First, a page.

Turkey's hazelnut exports rebound 75% in September after last year's floods

DAILY SABAH WITH AA
ISTANBUL
Published 07.10.2019 16:08
Updated 07.10.2019 16:22
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AA Photo

Turkey's hazelnut exports jumped 75% year-on-year in September, the first month of the season, vice president of the Black Sea Hazelnut and Products Exporters' Union said, as the industry recovered from flash floods that devastated Turkey's hazelnut farms last year.

"Around 46,000 tons of hazelnut were exported in a month," Dursun Oğuz Gürsoy told Anadolu Agency, speaking at the world's largest food fair – Anuga 2019 – in Cologne, Germany.

"If we continue with this pace, we can export 310,000 tons of hazelnuts by the end of 2019-2020 season," he said.

Gürsoy noted that the union forecast 800,000 tons of hazelnut production between September 2018 and August 2019, thanks to good yield.

Last August, flash floods devastated the Black Sea region, where most of the country's hazelnuts are grown, destroying much of the season's crop.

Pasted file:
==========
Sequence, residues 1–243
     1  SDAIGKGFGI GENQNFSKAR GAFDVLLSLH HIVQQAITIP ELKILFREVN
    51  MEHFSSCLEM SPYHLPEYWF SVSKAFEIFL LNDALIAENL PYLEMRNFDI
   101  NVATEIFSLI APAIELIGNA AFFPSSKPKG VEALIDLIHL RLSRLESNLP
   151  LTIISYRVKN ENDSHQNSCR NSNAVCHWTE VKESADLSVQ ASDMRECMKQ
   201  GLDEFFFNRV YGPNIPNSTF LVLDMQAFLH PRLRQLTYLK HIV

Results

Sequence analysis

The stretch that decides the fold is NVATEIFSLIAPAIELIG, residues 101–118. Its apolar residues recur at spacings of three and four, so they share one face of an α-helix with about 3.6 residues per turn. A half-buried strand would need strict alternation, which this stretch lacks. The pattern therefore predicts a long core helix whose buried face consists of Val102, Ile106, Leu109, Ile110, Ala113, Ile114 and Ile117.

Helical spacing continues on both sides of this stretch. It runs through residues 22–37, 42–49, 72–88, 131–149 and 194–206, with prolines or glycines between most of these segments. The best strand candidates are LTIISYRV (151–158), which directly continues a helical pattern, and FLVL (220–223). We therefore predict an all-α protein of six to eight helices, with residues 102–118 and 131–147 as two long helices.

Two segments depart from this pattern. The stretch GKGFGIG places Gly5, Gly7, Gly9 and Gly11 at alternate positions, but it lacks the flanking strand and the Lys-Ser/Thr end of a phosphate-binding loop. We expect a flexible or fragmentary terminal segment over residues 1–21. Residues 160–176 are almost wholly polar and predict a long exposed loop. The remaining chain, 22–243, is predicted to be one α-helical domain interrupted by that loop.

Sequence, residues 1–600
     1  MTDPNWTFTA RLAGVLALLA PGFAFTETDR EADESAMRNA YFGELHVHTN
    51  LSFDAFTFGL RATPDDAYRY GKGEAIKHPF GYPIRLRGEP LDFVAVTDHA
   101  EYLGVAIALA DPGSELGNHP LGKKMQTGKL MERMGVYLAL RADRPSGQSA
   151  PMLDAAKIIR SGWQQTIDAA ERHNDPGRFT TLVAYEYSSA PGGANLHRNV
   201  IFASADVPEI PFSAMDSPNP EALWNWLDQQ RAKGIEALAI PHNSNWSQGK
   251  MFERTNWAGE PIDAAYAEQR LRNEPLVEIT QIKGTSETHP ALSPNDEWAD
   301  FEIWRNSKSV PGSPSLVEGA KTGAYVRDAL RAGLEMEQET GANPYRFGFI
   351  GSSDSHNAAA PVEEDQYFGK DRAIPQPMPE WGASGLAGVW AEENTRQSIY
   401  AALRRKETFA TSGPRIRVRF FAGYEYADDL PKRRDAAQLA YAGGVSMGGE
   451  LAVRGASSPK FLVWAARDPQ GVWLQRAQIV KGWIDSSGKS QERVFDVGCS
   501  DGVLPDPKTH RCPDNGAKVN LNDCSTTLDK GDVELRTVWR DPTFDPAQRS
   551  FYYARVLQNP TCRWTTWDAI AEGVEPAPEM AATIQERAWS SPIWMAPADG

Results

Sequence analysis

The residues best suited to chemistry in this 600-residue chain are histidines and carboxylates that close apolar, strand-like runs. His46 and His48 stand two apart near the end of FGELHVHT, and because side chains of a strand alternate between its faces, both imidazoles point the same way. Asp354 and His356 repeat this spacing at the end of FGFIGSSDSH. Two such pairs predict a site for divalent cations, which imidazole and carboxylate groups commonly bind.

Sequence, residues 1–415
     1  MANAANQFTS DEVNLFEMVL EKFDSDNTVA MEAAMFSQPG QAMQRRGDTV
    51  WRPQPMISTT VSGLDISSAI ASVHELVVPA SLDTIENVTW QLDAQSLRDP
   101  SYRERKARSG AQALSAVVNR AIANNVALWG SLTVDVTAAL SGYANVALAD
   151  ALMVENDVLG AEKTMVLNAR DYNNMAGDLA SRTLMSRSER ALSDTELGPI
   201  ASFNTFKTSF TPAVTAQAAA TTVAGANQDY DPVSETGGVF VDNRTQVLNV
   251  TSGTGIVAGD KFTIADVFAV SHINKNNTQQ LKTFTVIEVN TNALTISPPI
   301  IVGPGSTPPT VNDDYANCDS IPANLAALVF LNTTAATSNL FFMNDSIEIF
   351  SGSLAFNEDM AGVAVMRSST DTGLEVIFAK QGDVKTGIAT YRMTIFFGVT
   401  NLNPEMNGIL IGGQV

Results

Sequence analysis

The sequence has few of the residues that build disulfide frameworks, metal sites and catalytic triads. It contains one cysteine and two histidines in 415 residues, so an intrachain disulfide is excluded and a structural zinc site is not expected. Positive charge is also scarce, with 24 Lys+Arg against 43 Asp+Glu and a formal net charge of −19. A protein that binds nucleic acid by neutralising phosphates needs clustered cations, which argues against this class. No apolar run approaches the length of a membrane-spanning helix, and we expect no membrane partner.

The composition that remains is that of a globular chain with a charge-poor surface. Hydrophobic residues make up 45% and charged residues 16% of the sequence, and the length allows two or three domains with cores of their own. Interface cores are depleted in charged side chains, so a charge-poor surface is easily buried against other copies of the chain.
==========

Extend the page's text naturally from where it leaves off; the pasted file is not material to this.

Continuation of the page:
Turkey has 179,893 acres of hazelnut trees and produces between 500,000 and 900,000 tons of hazelnuts annually.

Gürsoy said that urbanization in Turkey's Black Sea region is causing a decrease in production as more farmers and potential producers move into cities.

He also cited the issue of aging orchards, which have decreased yield. New orchards, in addition to being costly and labor-intensive endeavors, also require four to five years to begin yielding hazelnuts.

To combat threats to the industry, Gürsoy said Turkish farmers should plant high-yield, climate change-resistant varieties of hazelnut trees. The Exporters' Association is partnering with the Hazelnut Research Institute in the Black Sea province of Giresun to produce these varieties, he noted.

In addition to finding new markets for hazelnut exports, Gürsoy also said Turkey's market needs to strive to export more hazelnuts in a processed, value-added form, rather than raw.

"Unfortunately, today Turkey sells 57% of its hazelnuts in the natural form and the rest is sold in processed form. We need to change this rate. If we sell hazelnuts in processed form – such as chocolate, pastry and biscuits – we will be able to provide $5-6 billion in return to our country in the long run," Gürsoy explained.

Turkey, the world's largest hazelnut exporter, earned $1.78 billion in the 2017-2018 season with nearly 287,000 tons of hazelnut exports from September 2017 through August 2018.

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